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26 March 2020

Global bandwidth constraints could accelerate AV1 uptake

Last week was a tale of solidarity in the communications world with North American operators rallying together in a 60-day grace period to protect subscribers, particularly the most vulnerable. Days later, the US OTT video giants responded to calls from European top dogs by implementing bitrate reductions to alleviate network traffic. End users will hardly notice, but will there be ramifications for the technology distribution chain?

Should lockdowns become more stringent in the US, just as they have escalated dramatically in Europe over the past two weeks, then sweeping video bitrate reductions are likely to become commonplace globally. Latin American service providers have already lumped pressure on the streaming majors to commit to bandwidth reductions, while India’s Cellular Operators Association has made similar pleas. But, as Netflix alluded to in a statement, this is not as simple as turning a dial.

Netflix, Amazon Prime Video, YouTube, Disney+, Apple TV+, Facebook and many more have all committed to bitrate squeezes for the next 30 days across Europe to help ease the continent’s now monolithic traffic load. Tier 1 providers typically build in-house CDNs, often supported by mainstream CDNs, giving them extra control of what is delivered and how it is delivered. These companies can bring in extra compression clout, roll out more encoders, more edge caching capabilities, or more niche bandwidth-crunching techniques like P2P networking, but the ISP situation is a little trickier.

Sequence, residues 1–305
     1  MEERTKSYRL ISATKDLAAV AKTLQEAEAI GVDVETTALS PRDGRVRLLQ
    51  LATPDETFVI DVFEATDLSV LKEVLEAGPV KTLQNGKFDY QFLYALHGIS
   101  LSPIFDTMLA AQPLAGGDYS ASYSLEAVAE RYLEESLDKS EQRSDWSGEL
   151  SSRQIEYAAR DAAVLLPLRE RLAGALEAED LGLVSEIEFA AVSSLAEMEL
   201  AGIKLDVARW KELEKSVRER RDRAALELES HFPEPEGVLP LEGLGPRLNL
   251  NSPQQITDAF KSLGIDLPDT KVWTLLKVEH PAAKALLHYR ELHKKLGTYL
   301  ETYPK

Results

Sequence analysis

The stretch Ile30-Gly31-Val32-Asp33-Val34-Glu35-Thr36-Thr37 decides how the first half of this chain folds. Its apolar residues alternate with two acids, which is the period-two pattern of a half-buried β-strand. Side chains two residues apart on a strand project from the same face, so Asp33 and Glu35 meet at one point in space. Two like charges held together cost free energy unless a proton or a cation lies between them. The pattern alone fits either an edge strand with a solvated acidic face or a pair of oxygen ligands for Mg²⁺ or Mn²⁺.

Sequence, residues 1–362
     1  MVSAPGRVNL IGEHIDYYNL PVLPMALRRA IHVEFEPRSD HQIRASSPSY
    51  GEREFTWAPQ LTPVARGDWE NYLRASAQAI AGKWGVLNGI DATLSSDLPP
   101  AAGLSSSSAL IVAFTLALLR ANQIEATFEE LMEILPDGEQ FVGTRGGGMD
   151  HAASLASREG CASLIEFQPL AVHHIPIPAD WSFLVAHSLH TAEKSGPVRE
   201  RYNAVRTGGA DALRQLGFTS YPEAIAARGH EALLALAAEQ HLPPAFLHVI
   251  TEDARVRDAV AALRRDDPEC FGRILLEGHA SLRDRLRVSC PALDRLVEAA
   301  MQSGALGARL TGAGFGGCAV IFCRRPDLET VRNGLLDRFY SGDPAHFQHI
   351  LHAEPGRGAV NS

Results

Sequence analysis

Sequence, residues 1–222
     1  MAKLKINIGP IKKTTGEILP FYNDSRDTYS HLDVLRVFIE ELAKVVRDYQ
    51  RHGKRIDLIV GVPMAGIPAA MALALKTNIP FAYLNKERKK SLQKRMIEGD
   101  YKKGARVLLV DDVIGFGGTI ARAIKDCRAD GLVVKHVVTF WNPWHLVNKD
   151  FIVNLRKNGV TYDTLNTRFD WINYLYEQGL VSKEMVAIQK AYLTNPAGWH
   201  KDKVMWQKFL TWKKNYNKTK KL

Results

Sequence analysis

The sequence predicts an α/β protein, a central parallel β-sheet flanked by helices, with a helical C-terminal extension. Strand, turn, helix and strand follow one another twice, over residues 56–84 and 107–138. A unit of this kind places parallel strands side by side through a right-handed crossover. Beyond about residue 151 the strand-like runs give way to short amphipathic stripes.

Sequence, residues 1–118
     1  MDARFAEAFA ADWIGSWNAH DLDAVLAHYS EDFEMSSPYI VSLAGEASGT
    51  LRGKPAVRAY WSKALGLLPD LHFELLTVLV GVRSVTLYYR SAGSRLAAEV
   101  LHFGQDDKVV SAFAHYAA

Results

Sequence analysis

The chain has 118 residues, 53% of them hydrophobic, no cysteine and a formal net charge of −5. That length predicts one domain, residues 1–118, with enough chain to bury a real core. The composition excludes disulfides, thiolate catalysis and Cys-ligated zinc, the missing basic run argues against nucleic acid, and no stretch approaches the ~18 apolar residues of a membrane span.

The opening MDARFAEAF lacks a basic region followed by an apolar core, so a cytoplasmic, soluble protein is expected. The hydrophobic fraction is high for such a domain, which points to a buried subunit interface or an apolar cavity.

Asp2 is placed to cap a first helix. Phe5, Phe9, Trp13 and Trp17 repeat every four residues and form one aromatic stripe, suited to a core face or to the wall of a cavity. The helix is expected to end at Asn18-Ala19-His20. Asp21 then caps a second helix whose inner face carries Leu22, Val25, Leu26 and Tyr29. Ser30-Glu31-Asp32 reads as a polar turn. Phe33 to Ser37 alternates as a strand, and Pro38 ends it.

Providing some clarity while fishing for a little sympathy, Netflix suggested in a statement that the job of helping to reduce global network traffic is not a simple task for its Open Connect CDN program, in part because of the way ISPs around the world have built their networks in different ways and operate within different constraints.

“Building a residential ISP network in a dense metropolitan area is quite a different prospect from building a residential ISP network in a sparsely populated rural area. Some ISPs build their networks with a substantial amount of excess capacity (“headroom”) others do not. Fortunately, we have a lot of experience delivering Netflix efficiently through our Open Connect program – as well as other technologies we’ve pioneered – and so we can respond to these different scenarios quickly,” read a statement from Netflix.

Open Connect was founded in 2011 with the fundamental aim of reducing traffic load on networks and therefore bringing better video quality to subscribers. Netflix designed a directed caching system with efficiency gains over standard on-demand-driven CDNs – to reduce overall demand on upstream network capacity by several orders of magnitude.

In February, Faultline described how adoption of the AV1 codec was set to skyrocket after Netflix added AV1 support on Android smartphones via a new Data Saving feature. Only select titles are available to stream in AV1, which got us thinking that perhaps Netflix is busy encoding a larger share of its library in AV1 to reduce bandwidth congestion, although the company may be setting its priorities on less intensive tasks and unfortunately did not respond to our request for comment. Netflix has reported 20% compression efficiency gains over VP9 by replacing it with AV1, however, AV1 decoding is 30% more complex than VP9 or AVC.